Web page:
Dar’s Counsel Advocate Bashir Ahmad Bashir submitted that the appellant had the competence to make appointments against the posts in question and the only thing that can be attributed to the appellant is that he did not follow the procedure for making such appointments which can be a procedural irregularity only and not the criminal misconduct.
He further submitted that the next charge against the appellant that he has abused his official position by appointing these 121 persons is also not proved as none of the prosecution witnesses deposed that appellant has appointed the said 121 persons for extraneous considerations or that any of his relations were among the beneficiaries.
“There is no such allegation also in the prosecution case against the appellant that he appointed these 121 persons for extraneous considerations or that he bestowed any benefit upon his relations through such irregular process of appointment. He would, therefore, submit that in absence of such allegation of extraneous consideration the appellant cannot be said to have abused his official position and the findings returned by the trial court are bad in law”, court recorded the arguments of Bashir.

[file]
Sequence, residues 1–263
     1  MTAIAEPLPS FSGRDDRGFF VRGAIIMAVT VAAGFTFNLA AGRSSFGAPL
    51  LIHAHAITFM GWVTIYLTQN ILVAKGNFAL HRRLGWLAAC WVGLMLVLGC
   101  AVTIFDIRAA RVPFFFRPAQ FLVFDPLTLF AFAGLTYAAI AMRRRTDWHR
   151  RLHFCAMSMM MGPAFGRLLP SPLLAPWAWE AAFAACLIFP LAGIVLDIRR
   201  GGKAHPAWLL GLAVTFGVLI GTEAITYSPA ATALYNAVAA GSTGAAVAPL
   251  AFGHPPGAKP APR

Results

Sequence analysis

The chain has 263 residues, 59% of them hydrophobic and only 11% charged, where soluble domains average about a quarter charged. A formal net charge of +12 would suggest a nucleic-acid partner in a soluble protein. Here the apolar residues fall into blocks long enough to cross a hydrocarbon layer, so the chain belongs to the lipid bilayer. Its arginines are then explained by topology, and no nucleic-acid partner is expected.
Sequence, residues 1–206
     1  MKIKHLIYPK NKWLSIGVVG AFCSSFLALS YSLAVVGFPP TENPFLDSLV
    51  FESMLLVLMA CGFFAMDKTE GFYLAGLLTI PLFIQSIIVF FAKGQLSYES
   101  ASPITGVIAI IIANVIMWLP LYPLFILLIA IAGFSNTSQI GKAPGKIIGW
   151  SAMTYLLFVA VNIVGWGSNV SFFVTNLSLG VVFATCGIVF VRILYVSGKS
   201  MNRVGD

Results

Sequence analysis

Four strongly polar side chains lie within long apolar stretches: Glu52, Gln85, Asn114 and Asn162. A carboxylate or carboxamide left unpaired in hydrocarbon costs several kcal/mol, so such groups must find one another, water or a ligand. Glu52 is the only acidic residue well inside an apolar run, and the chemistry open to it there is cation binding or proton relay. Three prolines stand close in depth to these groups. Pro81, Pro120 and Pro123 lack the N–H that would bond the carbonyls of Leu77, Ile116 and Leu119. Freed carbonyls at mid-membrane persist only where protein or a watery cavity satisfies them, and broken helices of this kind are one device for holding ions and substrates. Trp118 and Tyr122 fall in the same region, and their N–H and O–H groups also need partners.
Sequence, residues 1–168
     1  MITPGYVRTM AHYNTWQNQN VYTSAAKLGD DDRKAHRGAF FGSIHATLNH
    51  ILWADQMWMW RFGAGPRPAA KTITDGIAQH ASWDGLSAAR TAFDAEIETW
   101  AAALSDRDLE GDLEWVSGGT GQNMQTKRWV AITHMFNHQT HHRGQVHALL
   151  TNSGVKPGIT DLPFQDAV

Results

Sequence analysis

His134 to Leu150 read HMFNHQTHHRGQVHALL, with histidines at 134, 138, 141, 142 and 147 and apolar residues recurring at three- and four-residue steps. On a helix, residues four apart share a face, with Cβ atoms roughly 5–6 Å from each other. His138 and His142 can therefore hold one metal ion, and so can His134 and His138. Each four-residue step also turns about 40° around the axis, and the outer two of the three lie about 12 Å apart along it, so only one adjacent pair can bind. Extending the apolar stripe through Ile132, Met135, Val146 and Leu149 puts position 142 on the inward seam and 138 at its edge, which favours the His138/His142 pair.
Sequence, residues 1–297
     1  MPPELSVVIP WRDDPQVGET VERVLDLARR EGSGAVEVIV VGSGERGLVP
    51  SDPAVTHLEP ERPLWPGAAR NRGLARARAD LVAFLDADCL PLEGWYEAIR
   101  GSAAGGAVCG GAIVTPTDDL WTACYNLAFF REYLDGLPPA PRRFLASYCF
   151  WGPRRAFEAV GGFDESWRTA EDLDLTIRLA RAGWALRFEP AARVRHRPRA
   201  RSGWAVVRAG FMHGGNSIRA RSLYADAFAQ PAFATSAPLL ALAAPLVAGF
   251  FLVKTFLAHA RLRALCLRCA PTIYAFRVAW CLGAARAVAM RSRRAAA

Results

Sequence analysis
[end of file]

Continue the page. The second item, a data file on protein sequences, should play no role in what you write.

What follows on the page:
State counsel, on the other hand, submitted that the points raised by Dar’s Counsel does not prove the innocence of the appellant. He stated that conferring such pecuniary gain, therefore, constituted a dishonest intention and thus comes within the ambit of Section 5(1) (d) of the P. C. Act.
In reply to the query raised by the Court that the appellant has taken the defence of having followed the orders of concerned Minister, the State Counsel, said that the appellant could have easily refused the dictate as it was not mandatory for him to follow such instructions without following the procedure.